I have cousins in California, and when I was small my family used to make the Griswold-ian drive across country to visit them. I can only imagine now, looking back as a dad, what that was like for my parents driving 2,500 miles with three kids in the back seat of a car, without interstate highways. (“Are we there yet?”)
One of my vivid memories of our vacation one summer was a trip to the Sierra Nevada mountain range where we visited the Redwood National Park. It was there that we saw some of God’s most awesome creations: giant sequoia and redwood trees, some of which were up to 3,000 years old and stood more than 300 feet in the air. They looked like skyscrapers, including one they had carved a tunnel through so you could drive through it in your car.
I still have some pictures–black and white, of course–of me and my sisters standing next to the huge trees, and our car driving through the tunnel in the tree. I also remember seeing one of those trees that had been cut down, and the cross-section of the trunk stood more than 25 feet in height. It was amazing then for a little boy’s eyes, and it still is for this not-so-little boy.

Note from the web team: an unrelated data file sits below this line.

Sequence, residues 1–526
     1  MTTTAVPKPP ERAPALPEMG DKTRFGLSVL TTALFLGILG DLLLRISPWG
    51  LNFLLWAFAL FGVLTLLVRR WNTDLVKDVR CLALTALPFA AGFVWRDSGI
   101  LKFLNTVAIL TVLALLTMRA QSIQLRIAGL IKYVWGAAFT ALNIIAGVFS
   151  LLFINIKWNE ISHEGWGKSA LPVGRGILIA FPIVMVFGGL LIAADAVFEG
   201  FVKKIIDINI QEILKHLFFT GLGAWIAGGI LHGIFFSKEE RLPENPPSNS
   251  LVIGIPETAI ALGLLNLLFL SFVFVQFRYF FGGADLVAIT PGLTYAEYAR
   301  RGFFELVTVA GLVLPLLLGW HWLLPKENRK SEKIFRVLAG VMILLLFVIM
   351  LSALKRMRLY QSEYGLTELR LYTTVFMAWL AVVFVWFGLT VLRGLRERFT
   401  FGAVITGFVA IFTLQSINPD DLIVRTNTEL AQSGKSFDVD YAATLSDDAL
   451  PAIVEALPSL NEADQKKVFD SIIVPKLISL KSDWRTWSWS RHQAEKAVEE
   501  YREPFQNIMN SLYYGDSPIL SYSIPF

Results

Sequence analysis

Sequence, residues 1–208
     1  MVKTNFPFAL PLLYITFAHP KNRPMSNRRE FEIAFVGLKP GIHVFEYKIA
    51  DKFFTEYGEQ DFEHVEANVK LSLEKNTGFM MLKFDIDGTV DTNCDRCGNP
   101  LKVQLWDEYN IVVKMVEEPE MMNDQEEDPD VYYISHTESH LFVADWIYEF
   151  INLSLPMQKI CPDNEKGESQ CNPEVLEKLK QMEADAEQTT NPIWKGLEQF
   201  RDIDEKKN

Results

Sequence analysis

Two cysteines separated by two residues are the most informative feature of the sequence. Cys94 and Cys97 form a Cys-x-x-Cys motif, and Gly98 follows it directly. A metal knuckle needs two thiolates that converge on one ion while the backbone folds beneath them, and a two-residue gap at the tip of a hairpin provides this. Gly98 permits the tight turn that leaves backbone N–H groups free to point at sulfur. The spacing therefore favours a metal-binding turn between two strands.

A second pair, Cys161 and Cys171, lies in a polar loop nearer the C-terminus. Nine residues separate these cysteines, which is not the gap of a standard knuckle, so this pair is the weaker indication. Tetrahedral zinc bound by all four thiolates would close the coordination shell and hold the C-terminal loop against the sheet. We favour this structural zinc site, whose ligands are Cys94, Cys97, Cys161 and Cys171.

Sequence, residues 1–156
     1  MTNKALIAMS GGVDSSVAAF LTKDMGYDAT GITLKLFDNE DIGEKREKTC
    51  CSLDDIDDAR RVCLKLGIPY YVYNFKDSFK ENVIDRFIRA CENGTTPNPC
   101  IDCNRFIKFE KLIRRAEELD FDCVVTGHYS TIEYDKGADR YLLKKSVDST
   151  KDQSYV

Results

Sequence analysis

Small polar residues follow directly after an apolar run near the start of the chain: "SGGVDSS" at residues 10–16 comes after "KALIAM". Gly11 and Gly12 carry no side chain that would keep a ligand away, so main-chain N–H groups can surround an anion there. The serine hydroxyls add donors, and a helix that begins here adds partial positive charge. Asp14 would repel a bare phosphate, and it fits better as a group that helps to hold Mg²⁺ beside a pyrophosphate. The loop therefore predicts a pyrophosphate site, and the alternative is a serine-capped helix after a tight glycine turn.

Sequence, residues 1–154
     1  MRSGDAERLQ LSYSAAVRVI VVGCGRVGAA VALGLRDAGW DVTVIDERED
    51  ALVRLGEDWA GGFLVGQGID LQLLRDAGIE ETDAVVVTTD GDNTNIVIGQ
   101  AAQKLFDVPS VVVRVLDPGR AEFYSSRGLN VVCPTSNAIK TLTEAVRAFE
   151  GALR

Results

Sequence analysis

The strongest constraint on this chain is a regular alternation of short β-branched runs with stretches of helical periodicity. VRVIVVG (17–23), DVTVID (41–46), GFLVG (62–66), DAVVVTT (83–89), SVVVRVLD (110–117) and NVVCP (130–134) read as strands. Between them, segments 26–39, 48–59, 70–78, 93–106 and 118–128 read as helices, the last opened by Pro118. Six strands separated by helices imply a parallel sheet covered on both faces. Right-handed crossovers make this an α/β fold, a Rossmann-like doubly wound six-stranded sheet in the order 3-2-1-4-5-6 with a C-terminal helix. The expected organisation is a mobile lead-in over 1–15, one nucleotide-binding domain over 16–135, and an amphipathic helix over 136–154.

The park ranger told us how the rings of the tree tell the story of that tree’s life, year by year. We’ve all heard how that works, in elementary science class, but it’s pretty fascinating when you’re looking at a tree that is a couple of millennia old. There are thin rings, revealing years when the tree hardly grew at all because of a drought. There are thick rings, reflecting healthy years, when the tree grew by leaps and bounds. There are signs where the tree was struck by lightning, and signs from when it faced years of blight and disease.
If we were able to pull back the bark and look at our own lives like the cross-section of one of those big trees, we would see plenty of revealing signs, from deep scars to evidence of healthy growth, that make up our past. Some of those rings would represent wrongs done to us, and some the result of mistakes we made where we had to reap what we sowed. Others would show years of growth because of good choices we made, and because we “remained in the vine” (John 15:1-8) in our relationship with our gracious God.
Whatever the case, and whatever our “rings” may look like, God knows where we’ve been, and He’s faithfully seen us through the good times and bad. He will use every one of those years–those we cherish and those we would choose to forget–to grow us up into what, and who, He wants us to be. He is, truly, the Lord of the rings of our lives.
May He bless each of you abundantly this week, that you may be “rooted” in Him. I’m praying for you and I look forward to seeing you on Sunday.